Synthetic Lightcurve Signatures of Unresolved Objects: A

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Synthetic Lightcurve Signatures of Unresolved Objects: A Comparison with
Observations
E. V. Ryan, W.H. Ryan, C.T. Martinez, and L. Blackwell
The temporal brightness variation (i.e., “lightcurve”) of unresolved targets such as
asteroids and artificial satellites can be used to develop a powerful tool for general
characterization studies. This information is obtainable with modest instrumentation,
including off-the-shelf commercial telescopes. Analysis of these temporal signatures
permits the extraction of shape, rotation period, and pole orientation for asteroids, and
shape, general health status, and attitude configuration for artificial objects. In particular,
a tri-axial ellipsoid model has proven to be very reliable in determining the relative
dimensions of large asteroids from the inversion of lightcurve signatures (Drummond et
al. 1991; Kaasalainen et al. 2001). Although the extension of this inversion process to the
more complex shapes of smaller asteroids and artificial satellites provides additional
challenges, especially when the target’s shape has convex features, techniques are being
developed to address this as well (Ostro et al. 1988; Kaasalainen et al. 2004?; Lambert et
al. 2004). However, in general, the problem of inverting lightcurve data to determine a
unique shape remains a challenging task for irregularly shaped objects.
In this analysis, we build on the large body of work done in the context of asteroid
studies, and investigate an iterative approach to the identification and characterization of
unresolved targets. We have developed a synthetic lightcurve direct model that,
theoretically (assuming that the correct scattering properties and physical attributes are
included) results in a unique lightcurve signature even for the most complex objects. This
model can be used to construct a library of lightcurve signatures for a variety of sample
objects which in turn can be used to provide initial guesses for the input parameters to an
inverse model. The resulting inverse-predicted shape is then put back into the direct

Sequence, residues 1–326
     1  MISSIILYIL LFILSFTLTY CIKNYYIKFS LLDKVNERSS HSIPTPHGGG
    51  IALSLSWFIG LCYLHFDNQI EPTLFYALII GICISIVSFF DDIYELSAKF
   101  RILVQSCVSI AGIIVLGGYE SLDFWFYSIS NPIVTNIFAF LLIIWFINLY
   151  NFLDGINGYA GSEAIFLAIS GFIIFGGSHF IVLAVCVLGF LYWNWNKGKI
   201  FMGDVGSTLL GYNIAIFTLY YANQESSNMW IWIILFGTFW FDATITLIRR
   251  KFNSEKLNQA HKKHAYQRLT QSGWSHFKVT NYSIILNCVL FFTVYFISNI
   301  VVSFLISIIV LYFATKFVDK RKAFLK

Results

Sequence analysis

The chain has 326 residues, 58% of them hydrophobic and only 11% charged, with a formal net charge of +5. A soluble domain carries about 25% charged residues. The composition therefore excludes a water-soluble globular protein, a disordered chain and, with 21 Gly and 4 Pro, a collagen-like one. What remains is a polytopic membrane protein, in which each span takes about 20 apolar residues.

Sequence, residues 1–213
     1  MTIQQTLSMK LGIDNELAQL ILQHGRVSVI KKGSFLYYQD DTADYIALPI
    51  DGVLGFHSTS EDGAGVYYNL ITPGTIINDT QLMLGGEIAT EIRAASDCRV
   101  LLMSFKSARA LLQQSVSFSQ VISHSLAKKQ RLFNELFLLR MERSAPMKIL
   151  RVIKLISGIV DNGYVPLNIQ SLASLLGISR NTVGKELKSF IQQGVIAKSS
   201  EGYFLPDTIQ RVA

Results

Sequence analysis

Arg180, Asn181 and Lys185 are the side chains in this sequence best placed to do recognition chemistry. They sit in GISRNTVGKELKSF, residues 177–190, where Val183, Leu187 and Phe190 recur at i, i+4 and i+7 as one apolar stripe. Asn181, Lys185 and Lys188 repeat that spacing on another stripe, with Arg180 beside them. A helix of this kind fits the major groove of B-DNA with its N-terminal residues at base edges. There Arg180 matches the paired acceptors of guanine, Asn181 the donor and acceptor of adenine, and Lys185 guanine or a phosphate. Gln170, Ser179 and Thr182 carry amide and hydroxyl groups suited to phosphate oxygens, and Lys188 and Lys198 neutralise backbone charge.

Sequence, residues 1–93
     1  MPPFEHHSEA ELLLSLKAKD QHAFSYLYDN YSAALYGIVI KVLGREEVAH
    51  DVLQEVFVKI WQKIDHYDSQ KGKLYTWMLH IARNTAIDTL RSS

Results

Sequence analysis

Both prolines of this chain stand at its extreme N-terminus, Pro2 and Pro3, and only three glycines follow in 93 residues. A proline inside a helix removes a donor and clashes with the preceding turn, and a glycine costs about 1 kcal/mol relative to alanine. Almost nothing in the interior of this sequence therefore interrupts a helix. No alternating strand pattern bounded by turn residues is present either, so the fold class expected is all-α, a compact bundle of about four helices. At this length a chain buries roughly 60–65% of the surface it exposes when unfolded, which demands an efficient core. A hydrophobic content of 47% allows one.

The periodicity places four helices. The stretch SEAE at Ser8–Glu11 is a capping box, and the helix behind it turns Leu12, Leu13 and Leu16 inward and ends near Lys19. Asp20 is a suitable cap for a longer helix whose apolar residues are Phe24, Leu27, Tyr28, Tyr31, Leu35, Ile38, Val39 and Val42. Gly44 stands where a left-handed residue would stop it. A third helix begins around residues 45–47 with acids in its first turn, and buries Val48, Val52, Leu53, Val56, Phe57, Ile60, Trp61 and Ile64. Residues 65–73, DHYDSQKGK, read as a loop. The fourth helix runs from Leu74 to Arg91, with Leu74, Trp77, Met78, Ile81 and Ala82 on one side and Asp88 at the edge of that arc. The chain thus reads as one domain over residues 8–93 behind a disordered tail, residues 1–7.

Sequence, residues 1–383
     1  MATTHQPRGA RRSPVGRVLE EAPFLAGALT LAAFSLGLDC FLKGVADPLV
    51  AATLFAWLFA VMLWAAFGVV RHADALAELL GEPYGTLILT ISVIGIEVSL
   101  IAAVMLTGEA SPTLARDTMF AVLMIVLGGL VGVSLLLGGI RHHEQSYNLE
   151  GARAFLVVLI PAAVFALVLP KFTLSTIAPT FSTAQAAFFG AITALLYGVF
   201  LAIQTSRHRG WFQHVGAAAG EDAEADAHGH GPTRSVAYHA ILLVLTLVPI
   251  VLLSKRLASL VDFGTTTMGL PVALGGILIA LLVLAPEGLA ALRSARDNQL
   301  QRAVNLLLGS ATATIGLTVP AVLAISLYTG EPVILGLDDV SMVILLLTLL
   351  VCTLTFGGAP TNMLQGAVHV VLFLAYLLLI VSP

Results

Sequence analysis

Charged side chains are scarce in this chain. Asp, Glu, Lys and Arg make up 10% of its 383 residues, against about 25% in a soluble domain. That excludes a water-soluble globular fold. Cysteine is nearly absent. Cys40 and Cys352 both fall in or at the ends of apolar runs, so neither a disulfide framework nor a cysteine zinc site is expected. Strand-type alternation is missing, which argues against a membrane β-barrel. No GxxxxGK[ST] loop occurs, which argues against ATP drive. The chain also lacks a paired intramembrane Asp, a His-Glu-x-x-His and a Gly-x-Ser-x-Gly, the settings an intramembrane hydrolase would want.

model, compared with observations, and refined as needed.
We present the results of applying this technique to both asteroid and artificial satellite
targets. In particular, we demonstrate how this has allowed us to identify the existence of
a binary companion to the main belt asteroid 3782 Celle (Ryan et al. 2004). We then
compare the accuracy of model predictions from data obtained with meter-class
telescopes and a portable, 0.35-meter commercially available instrument. As part of this
research, we plan to build upon the single-site lightcurve inversion work done by
Lambert et al. (2004) by acquiring simultaneous lightcurve observations of selected
targets at multiple sites having differing viewing geometries.
References
Drummond, J. D., S. J. Weidenschilling, C. R. Chapman and D. R. Davis, 1991,
Photometric geodesy of main-belt asteroids. IV - An updated analysis of lightcurves for
poles, periods, and shapes, Icarus 89, 44-64.
Kaasalainen, M., J. Torppa, and K. Muinonen, 2001, Optimization methods for asteroid
lightcurve inversion. II. The complete inverse problem, Icarus 153, 37-51.
Kaasalainen, M., P.Pravec, Y.N. Krugly, L. Šarounová, J. Torppa, J. Virtanen, S.
Kaasalainen, A. Erikson, A. Nathues, J. Durech, M. Wolf, J.S.V. Lagerros, M. Lindgren,
C. Lagerkvist, R. Koff, J. Davies, R. Mann, P. Kušnirák, N.M. Gaftonyuk, V.G.
Shevchenko, V.G. Chiorny, and I.N. Belskaya, 2004, Photometry and models of eight
near-Earth asteroids, Icarus 167, 178-196.
Lambert, J., K. Luu, and E. Brevdo, 2004, Direct inversion of visible and infrared
signatures, Proceedings of the 2004 AMOS Technical Conference, Hawaii.
Ostro, S.J., R.Connelly, and M. Dorogi, 1988, Convex-Profile Inversion of Asteroid
Lightcurves, Icarus 75, 30-63.
Ryan,W.H., E. Ryan, and C. Martinez (2004). 3782 Celle: Discovery of a Binary System
within the Vesta Family of Asteroids. Planetary and Space Science, 52, 1093 -1101.
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